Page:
Tuesday, January 25, 2005

Tonight we are on South Padre Island. We left Corpus Christi around noon, and headed east to retrieve our mail in Ingleside. A bit out of the way at this point, but the mail was ready and waiting for us and the Ingleside post office was easy-in, easy-out. From there, we headed west back through Corpus and joined up with US 77 in Robtown, where we stopped at a classic Texas barbeque joint for lunch -- Joe Cotten's (highly recommended). From there we blasted down 77 to Harlingen and headed east on TX 100 through Port Isabel and over the causeway.

On our way through the southern part of 77 and all along 100, we saw many RV parks that were absolutely full. In fact, several billboards along the route greeted "winter Texans", so we knew we were in serious snowbird country. As we approached South Padre we faced the fact that, quite possibly, there would be absolutely nowhere to park on the island or even nearby. We headed straight for the most likely location: Isla Blanca County Park, in Cameron County on the very southern tip of the island (map). We were thrilled to find that, while the developed campsites (with hookups) were fully booked, boondocking space was available in the "overflow area" for $15 per night. We quickly paid for two nights and proceeded into the park.

The unspoken truth is that, even though hookups are only a few dollars more, the overflow area is actually much closer to the beach, being essentially a day-use parking lot that has been re-purposed. So we are parked right at the beach on the gulf side, and we had a beautiful view of the gulf and the moonrise out our penthouse window.

The overflow area turns out to be, well, overflowing with really nice people, many of whom are full-timers. A crowd immediately formed around Odyssey when we parked, and we spent a good deal of time discussing the conversion and showing folks the exterior features. We met several nice couples, among them Bill and Mary and their friends Jerry and Ann (sp?) traveling in a pair of Fleetwood Discovery coaches, who invited us to sit and have a glass of wine with them.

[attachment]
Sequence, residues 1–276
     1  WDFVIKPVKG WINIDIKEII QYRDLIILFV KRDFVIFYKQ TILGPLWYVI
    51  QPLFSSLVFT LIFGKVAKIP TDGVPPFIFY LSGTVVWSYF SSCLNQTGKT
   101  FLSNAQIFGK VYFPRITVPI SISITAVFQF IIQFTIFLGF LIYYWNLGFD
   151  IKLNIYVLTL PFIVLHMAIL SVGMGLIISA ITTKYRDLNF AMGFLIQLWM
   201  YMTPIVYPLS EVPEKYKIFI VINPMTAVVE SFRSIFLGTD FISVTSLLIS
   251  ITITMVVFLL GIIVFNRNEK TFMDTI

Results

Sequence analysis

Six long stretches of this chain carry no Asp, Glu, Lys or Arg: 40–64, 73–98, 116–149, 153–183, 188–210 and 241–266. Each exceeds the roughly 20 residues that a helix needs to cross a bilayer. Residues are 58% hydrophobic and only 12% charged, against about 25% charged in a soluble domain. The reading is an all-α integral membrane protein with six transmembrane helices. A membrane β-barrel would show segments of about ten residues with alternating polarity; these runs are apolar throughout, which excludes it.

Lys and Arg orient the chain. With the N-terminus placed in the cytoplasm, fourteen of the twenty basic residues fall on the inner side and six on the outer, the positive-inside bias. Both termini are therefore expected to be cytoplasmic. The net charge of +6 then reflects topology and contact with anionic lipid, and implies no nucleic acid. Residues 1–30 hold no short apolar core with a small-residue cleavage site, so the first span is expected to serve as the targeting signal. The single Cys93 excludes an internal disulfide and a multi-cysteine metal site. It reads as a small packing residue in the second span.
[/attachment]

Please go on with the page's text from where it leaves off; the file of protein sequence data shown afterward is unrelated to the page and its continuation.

In the small world department, two women (who turned out to be sisters) approached us and allowed how as they had been parked next to us in Beaumont at the Wal-Mart (they had noticed us being whisked away by our friends there as well), and we learned that we had been on much the same itinerary since New Orleans and will be into Brownsville. They are from Chico, which is not all that far from our former digs in San Jose. We remembered their rigs from Beaumont -- a group of three fifth-wheels. After a few minutes' conversation, they left to re-join their husbands and the rest of their travel group of seven people.

About ten minutes later, there came a loud knock on our door -- it was the sisters from Chico, whose names we still have not learned. They came bearing a skewer of roast dove, bacon-wrapped and jalpeno-stuffed, which their group had been grilling up. Apparently, the dove (and possibly quail?) was the result of a hunting expedition earlier in the year. In any case, it was absolutely wonderful, and essentially that became our supper for the evening.

Sometimes, you meet the nicest people on the road.

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